In-Person (SOLD OUT)
Patrons may choose to attend this event at the King Library or remotely via a Zoom presentation. For those who prefer to view the event from home, please register for the virtual option. Online participants will be able to access the chat feature within Zoom to participate in the discussion. After registering, you will receive an email with instructions on how to join.
Facilitator: Mr. Ed Lamont
Rebecca Fraser’s intensely human portrait details domestic life in the seventeenth century, the histories of brave and vocal Puritan women, and the contradictions between generations as fathers and sons made the painful decisions which determined their future in America.
The voyage of the Mayflower and the founding of Plymouth Colony is one of the seminal events in world history. But the poorly-equipped group of English Puritans who ventured across the Atlantic in the early autumn of 1620 had no sense they would pass into legend. They had eighty casks of butter and two dogs but no cattle for milk, meat, or ploughing. They were ill-prepared for the brutal journey and the new land that few of them could comprehend. But the Mayflower story did not end with these Pilgrims’ arrival on the coast of New England or their first uncertain years as settlers. Rebecca Fraser traces two generations of one ordinary family and their extraordinary response to the challenges of life in America.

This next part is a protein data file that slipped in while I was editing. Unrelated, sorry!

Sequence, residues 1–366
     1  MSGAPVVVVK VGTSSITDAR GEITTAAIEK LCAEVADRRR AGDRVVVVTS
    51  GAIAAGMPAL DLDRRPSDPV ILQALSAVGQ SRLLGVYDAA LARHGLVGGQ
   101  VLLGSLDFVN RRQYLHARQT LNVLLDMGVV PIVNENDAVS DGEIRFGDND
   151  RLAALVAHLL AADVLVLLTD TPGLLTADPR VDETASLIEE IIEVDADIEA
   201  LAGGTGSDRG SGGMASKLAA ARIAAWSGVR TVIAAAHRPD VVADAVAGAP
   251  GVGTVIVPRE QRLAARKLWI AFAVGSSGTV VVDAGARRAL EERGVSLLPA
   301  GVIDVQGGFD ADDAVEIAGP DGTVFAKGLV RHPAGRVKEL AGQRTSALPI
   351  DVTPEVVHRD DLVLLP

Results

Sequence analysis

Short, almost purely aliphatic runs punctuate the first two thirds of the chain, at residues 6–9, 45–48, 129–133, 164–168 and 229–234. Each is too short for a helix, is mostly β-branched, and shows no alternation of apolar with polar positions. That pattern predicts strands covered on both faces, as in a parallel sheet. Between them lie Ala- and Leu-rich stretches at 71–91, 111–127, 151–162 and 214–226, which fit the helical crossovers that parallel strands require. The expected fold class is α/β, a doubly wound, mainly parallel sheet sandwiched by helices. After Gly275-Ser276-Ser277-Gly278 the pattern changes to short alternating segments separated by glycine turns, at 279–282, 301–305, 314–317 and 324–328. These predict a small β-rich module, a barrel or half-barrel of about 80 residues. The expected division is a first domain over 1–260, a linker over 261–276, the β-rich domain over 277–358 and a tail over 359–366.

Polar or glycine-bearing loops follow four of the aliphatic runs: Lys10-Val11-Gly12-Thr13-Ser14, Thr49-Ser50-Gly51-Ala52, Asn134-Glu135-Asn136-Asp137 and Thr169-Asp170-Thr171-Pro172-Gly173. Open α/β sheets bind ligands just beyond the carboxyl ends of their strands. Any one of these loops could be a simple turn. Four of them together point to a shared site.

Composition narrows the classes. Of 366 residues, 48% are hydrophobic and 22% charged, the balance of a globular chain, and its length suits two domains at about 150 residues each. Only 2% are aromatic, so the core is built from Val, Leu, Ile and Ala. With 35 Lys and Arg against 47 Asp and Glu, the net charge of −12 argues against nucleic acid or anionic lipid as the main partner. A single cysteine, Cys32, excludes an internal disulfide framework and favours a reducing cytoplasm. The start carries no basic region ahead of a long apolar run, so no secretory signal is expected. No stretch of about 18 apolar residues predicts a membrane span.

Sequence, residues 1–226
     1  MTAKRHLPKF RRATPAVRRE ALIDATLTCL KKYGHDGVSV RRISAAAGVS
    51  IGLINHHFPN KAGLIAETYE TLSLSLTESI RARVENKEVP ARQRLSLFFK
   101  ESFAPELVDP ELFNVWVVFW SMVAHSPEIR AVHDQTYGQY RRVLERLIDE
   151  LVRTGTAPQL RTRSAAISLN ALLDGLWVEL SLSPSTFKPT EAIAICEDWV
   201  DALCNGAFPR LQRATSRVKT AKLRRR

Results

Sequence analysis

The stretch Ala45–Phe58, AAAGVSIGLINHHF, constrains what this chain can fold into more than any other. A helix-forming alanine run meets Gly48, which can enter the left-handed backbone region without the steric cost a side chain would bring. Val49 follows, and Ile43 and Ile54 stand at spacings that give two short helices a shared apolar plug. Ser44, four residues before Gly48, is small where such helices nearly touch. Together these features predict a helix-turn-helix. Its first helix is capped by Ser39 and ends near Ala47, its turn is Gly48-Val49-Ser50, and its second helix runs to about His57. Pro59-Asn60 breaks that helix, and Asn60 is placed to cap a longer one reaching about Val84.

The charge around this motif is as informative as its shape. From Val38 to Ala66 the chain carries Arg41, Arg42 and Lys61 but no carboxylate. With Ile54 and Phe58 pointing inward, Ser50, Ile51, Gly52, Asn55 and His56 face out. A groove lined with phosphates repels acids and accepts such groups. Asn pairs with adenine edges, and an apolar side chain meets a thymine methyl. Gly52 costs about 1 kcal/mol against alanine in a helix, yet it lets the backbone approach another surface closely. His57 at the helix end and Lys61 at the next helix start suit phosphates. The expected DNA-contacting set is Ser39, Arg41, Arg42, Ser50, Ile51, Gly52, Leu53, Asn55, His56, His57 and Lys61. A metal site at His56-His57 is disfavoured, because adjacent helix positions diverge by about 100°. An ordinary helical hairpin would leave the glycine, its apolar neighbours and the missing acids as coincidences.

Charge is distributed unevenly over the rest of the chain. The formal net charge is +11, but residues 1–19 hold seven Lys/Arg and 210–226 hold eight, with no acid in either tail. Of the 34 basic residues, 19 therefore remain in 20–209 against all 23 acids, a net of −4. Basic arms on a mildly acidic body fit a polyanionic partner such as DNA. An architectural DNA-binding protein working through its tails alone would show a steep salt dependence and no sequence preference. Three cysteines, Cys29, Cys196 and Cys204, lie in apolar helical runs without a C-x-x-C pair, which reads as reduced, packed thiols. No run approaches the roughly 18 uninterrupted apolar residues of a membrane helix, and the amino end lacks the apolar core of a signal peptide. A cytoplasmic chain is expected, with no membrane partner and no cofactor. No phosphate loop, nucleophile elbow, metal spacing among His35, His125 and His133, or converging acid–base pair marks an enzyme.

Edward Winslow, an apprentice printer, fled England and then Holland for a life of religious freedom and opportunity. Despite the intense physical trials of settlement, he found America exotic, enticing, and endlessly interesting. He built a home and a family, and his remarkable friendship with King Massassoit, Chief of the Wampanoags, is part of the legend of Thanksgiving. Yet, fifty years later, Edward’s son Josiah was commanding the New England militias against Massassoit’s son in King Philip’s War.
The Mayflower is an intensely human portrait of the Winslow family written with the pace of an epic. Rebecca Fraser details domestic life in the seventeenth century, the histories of brave and vocal Puritan women and the contradictions between generations as fathers and sons made the painful decisions which determined their future in America.